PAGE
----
|Cleveland Harbor Main Entrance, OH|
Description: Named for the Mohawk word for “crooked,” the Cuyahoga River twists and turns until it empties into the southern shore of Lake Erie. Moses Cleaveland, the area's first white settler, arrived in 1796, and soon the shore near the mouth of the Cuyahoga had grown from a frontier village to an important port city. By 1830 there was enough traffic in Cleveland’s harbor to warrant the port’s first light station, erected around the same time the Cleveland Advertiser “officially” changed the spelling of the city’s name from Cleaveland to Cleveland.
While surveying the lights on Lake Erie in 1838, Lieutenant Charles T. Platt recommended the lighthouse on the bluff be discontinued: "It is true that the light-house could be seen to a greater distance than the beacon," Platt noted, "but the height of the adjacent coast, and the entire want of shoals or hidden rocks near by [sic], entirely obviate the necessity of a light conspicuous farther than the beacon."
By 1850, the beacon light needed rebuilding, and in 1851, a unique, open-frame, cast-iron tower, shown here in 1859, was built on the east pier. Thought it originally displayed a fixed light from multiple lamps, a fourth-order Fresnel lens was installed in its lantern room in 1854, changing its characteristic to fixed white punctuated every seventy seconds by a bright flash. With this improvement, the pierhead beacon fulfilled "all the wants of navigation" at Cleveland, and the hill-top light was discontinued in 1856. This action proved temporary for in 1859 the Lighthouse Board noted: "In conformity to act of Congress, the hill-light at Cleveland has been renovated and relighted."
Even though many questioned the usefulness of the lighthouse on the bluff for years, on March 3, 1869, Congress appropriated $45,000 for building a new lighthouse and keeper's dwelling at that location. A light was established on a temporary structure on August 9, 1870, so the old stone tower could be removed and the new structures built. Work was suspended shortly thereafter, as the funds had reverted to the treasury, but a new appropriation was provided on March 3, 1871. Completion of the brick tower and dwelling were further delayed due to the unavailability of brick caused by the Great Chicago Fire.
A fire broke out near the dwelling in December 1894, and the excessive heat cracked seven panes of glass in the lantern room and killed the lawn, trees, and shrubbery on the lot. The lantern room, finished stone of the upper part of the tower, iron stairway, and lens were removed from the tower in 1895 and used in construction of Braddock Point Lighthouse on Lake Ontario. The remainder of the tower was torn down in 1901, and the material was used to construct an addition on the west side of the dwelling. The enlarged dwelling now had forty-three rooms and could house four keepers and their families.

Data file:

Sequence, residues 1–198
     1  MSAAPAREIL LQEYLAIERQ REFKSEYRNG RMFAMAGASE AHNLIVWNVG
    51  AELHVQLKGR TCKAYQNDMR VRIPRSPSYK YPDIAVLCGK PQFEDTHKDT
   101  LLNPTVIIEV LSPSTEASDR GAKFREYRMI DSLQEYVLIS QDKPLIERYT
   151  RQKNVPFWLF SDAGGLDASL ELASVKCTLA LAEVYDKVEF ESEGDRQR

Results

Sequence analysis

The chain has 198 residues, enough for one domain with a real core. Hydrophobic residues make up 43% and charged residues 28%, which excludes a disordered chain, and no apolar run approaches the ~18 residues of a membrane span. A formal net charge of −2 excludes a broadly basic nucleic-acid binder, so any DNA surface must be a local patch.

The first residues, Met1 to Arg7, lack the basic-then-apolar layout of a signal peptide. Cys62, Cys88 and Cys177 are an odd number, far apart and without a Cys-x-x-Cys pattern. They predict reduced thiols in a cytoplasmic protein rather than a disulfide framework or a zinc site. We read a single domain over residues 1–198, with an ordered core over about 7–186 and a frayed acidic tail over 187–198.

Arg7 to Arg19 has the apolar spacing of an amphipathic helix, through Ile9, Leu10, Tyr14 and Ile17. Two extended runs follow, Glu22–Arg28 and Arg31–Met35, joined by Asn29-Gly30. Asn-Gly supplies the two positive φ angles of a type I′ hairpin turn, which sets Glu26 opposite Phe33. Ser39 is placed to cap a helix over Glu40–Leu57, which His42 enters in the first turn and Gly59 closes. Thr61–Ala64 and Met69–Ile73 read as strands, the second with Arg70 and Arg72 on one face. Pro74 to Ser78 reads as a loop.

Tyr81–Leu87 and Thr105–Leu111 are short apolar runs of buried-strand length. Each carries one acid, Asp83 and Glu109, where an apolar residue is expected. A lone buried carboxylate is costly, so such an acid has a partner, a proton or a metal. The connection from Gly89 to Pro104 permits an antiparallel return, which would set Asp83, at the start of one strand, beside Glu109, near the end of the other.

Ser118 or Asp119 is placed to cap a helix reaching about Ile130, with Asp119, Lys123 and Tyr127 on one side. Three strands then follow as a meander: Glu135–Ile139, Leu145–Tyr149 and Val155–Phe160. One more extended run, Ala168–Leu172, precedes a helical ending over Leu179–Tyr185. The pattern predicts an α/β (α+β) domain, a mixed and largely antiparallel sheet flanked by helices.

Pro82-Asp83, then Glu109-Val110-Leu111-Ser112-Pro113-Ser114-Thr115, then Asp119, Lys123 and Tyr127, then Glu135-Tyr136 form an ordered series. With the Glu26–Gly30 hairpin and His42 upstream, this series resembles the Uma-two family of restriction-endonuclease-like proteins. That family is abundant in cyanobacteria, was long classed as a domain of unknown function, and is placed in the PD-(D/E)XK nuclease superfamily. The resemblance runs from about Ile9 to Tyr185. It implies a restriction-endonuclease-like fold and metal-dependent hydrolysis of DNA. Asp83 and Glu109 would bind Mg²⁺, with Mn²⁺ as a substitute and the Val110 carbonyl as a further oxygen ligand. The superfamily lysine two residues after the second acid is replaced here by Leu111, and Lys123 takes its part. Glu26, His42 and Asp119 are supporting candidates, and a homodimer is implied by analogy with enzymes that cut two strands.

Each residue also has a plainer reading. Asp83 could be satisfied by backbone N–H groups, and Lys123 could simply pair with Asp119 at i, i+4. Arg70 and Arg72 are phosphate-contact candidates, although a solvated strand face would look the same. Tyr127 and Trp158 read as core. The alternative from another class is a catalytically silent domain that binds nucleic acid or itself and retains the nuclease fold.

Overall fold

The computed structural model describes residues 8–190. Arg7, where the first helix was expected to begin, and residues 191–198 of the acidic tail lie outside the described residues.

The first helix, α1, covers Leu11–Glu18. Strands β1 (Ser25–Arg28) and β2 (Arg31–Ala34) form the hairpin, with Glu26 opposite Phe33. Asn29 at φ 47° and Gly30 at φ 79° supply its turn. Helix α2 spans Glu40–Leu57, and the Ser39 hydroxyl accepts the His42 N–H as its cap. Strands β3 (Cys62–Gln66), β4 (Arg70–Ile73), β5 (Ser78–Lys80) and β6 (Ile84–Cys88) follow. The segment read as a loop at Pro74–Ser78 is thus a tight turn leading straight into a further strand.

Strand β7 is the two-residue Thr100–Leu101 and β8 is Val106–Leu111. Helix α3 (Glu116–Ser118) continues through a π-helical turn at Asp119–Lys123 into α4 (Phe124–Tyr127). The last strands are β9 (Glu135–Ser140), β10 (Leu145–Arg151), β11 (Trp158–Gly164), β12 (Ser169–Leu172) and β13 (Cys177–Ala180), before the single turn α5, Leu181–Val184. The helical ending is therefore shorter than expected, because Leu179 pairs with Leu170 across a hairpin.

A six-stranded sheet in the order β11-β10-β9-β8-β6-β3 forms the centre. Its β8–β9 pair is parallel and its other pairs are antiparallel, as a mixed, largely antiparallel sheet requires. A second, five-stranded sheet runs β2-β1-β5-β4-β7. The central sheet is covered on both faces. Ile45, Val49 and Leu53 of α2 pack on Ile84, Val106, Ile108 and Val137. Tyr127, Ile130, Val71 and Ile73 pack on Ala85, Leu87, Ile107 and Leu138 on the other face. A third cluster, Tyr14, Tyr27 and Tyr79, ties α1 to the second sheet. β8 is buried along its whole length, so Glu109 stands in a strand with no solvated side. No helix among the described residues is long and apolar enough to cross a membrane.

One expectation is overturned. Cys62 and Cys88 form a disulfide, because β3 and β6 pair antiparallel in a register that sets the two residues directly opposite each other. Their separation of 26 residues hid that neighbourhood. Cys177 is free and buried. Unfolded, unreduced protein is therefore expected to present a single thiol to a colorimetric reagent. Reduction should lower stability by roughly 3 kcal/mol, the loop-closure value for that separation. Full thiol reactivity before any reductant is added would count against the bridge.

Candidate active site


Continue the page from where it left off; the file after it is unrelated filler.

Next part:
An act of Congress on May 22, 1926 authorized the Secretary of the Commerce to auction off the keepers' dwelling at Cleveland, and later that year, $50,000 was appropriated for the purchase of two new dwellings, 1 and 2, on West Boulevard. To make way for the construction of the Maine Avenue High Level Bridge, the keepers' dwelling was demolished in 1937. "In its removal," the Lake Carriers' Association noted,"there disappeared the last vestige of the imposing structures of architectural beauty that characterized Cleveland’s Main Light for many years." Interestingly, a twin to Cleveland Main Lighthouse is the Gdansk Lighthouse in Poland. A delegation from Gdansk visited Cleveland Lighthouse while attending the 1893 World Exposition in Chicago and had a similar tower constructed in Poland the following year.
In 1900, a new tower was erected on the recently completed west pier, which had been rebuilt using concrete. This wooden tower stood nearly fifty-three feet tall and consisted of a cylinder above a cylinder of greater diameter. The bottom cylinder was covered in corrugated iron and painted red, while the upper cylinder was shingled and painted buff. On June 7, 1917, the steamer J. C. Morse struck and destroyed the cylindrical tower on the west pier while being towed by two tugs. The owners of the tugs paid for a new steel, skeletal tower mounted atop a concrete base. A steel, skeletal tower also replaced the wooden tower on the east pier in 1936.
Breakwaters were eventually added parallel to Cleveland’s waterfront to provide a large protected outer harbor, and a gap between the western and eastern breakwater permitted vessels to easily access the Cuyahoga River. The western breakwater was built between 1876 and 1883, while the eastern breakwater was under construction from 1888 to 1893. A forty-foot-square pierhead was constructed at the eastern end of the west breakwater in 1884, and the following year an octagonal iron tower, transferred from the west pier at Charlotte-Genesee, was placed atop the pierhead. The tower was painted brown and first displayed its flashing red and white light on October 20, 1885, using a Barbier & Fenestre, fourth-order Fresnel lens manufactured in 1884. The fog bell used on the nearby west pier was suspended from a bracket on the north side of the tower. A boathouse was built on the western side of the pierhead, and a cupboard and bunk were placed inside the tower in case the keeper became stranded at the breakwater.